Take the 2-minute tour ×
Mathematics Stack Exchange is a question and answer site for people studying math at any level and professionals in related fields. It's 100% free, no registration required.

Question statement:

The bus type of A arrives to a certain bus stop every 30 minutes and waits for 5 minutes. The bus type of B arrives every 60 minutes and waits for 4 minutes. Probabilities of arrival of these two bus types have uniform density, and they are independent of each other.

A man goes to the bus stop at a random time, and starts waiting. What is the probability that two buses be in the bus stops at the same time (i.e.; their waiting time periods intersect with each other)?

This was a question I came across last year when I was studying probability theory. I couldn't solve it then and I am still not able to solve it. I can't even find a starting point. How are the probability questions of this type solved?

share|improve this question
add comment

2 Answers

Let $t$ be the instant that bus A arrives. Then Bus B must arrive in the interval $t-4, t+5$ if you want both bus at the same time. Bus B arrival is uniformly distributed on on interval of amplitude 64 minutes, hence you have to choose 9 minutes out out 64, which is probability $9/64$.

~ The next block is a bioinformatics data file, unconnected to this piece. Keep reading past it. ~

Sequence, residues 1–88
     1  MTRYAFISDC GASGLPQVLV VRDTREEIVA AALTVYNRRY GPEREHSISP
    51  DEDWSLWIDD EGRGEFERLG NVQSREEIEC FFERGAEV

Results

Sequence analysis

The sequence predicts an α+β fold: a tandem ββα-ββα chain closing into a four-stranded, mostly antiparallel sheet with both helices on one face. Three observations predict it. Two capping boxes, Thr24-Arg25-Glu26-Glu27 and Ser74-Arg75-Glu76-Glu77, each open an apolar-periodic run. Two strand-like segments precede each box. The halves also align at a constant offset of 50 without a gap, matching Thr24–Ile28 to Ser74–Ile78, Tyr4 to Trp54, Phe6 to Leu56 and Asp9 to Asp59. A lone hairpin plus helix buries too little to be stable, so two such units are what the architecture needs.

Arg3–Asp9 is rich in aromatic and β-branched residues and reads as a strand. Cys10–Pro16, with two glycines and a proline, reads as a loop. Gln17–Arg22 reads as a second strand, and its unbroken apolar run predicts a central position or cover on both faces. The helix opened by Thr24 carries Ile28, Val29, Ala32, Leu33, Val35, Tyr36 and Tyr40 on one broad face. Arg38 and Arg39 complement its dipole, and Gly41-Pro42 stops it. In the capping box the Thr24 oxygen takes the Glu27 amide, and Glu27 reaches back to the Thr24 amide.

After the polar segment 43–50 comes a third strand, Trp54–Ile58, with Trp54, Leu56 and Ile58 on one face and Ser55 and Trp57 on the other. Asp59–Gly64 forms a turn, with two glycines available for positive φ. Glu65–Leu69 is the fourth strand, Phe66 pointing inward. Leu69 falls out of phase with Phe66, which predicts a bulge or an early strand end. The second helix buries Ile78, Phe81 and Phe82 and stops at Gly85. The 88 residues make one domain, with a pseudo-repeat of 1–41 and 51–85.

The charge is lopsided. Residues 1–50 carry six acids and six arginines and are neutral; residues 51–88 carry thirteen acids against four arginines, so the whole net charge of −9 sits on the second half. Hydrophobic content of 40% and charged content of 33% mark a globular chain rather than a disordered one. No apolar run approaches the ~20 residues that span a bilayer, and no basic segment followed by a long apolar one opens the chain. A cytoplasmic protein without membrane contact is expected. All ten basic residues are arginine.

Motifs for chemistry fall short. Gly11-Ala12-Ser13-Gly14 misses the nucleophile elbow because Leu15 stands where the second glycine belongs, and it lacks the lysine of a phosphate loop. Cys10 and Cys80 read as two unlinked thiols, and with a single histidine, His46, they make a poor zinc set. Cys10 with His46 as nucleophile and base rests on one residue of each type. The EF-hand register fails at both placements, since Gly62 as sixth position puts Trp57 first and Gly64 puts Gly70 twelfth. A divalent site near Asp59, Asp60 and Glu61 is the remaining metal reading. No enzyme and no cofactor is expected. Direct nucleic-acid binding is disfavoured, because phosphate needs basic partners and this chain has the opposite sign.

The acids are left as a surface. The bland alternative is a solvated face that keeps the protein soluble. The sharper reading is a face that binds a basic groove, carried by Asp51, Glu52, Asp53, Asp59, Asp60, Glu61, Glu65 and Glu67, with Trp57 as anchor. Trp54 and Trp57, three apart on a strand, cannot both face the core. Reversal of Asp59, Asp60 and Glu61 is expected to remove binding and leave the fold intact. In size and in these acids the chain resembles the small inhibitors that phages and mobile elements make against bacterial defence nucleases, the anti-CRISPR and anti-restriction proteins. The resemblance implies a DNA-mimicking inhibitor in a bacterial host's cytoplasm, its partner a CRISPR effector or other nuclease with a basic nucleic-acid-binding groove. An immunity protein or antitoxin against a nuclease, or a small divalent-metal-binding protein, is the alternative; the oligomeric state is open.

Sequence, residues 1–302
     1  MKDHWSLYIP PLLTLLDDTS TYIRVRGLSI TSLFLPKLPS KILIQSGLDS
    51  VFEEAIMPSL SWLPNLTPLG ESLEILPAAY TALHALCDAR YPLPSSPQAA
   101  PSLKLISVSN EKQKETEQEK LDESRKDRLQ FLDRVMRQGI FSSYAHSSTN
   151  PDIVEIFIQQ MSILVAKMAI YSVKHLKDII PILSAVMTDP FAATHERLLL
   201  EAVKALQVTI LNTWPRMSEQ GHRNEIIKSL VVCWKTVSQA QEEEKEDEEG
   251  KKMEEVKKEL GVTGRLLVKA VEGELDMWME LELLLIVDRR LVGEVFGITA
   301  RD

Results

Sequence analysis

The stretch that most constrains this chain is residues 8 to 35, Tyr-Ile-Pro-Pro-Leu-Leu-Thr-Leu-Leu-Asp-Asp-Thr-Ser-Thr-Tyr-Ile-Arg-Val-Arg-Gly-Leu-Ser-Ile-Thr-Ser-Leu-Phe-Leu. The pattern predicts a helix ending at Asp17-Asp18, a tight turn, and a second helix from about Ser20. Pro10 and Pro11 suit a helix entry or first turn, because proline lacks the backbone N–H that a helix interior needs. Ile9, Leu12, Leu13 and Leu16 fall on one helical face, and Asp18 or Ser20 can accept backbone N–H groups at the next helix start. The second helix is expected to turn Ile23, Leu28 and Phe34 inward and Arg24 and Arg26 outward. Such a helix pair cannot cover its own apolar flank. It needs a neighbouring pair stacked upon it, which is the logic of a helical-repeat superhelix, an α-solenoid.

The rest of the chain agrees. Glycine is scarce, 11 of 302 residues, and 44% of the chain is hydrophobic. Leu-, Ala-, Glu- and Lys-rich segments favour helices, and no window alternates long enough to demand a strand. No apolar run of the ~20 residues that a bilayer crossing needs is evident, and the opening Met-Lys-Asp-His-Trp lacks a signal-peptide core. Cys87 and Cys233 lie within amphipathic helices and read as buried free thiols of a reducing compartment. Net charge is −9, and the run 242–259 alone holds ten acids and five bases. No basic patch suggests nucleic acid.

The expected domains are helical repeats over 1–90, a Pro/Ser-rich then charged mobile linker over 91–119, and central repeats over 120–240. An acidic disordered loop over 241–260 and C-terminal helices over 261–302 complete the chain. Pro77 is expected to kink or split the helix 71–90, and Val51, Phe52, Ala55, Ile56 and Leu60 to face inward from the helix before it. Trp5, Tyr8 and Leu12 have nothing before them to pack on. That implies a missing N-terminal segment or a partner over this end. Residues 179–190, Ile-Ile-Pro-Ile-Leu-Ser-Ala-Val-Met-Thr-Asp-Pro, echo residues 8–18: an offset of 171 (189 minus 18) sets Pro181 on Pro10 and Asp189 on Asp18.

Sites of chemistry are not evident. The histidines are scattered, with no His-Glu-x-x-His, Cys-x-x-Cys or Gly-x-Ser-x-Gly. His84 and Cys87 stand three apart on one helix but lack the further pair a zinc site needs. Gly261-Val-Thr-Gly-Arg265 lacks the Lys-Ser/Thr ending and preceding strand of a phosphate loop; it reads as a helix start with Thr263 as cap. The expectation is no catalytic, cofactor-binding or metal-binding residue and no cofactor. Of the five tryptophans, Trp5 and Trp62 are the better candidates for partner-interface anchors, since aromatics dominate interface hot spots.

share|improve this answer
add comment

Within each hourly period, Type A buses arrive twice, 30 minutes apart, and Type B buses once. Consider a period of 1 hour starting from when a Type A bus arrives. For two buses to be at the stop at the same time within that hour, a Type B bus must arrive during one of the following intervals (measured in minutes from the start of the hour): (0, 5), (26, 35), (56, 60). (If it arrives during (56, 60) then the previous Type B bus would have arrived during (-4, 0) so would have overlapped with the first Type A bus at time 0.) That makes a total of 18 minutes within the hour. So (given uniform density and independence) the probability that two buses are (ever) in the stop at the same time is 18/60 or 3/10.

The statement that the man goes to the stop and waits is not relevant to the probability that two buses are (ever) at the stop at the same time. Another question (not asked) would be: once the man starts waiting, what is the probability that a second bus arrives before the first bus to arrive has left? This probability is lower than 3/10 since any overlap of the waiting periods of Type A and Type B buses might relate to the second Type A bus to arrive.

share|improve this answer
add comment

Your Answer


By posting your answer, you agree to the privacy policy and terms of service.

Not the answer you're looking for? Browse other questions tagged or ask your own question.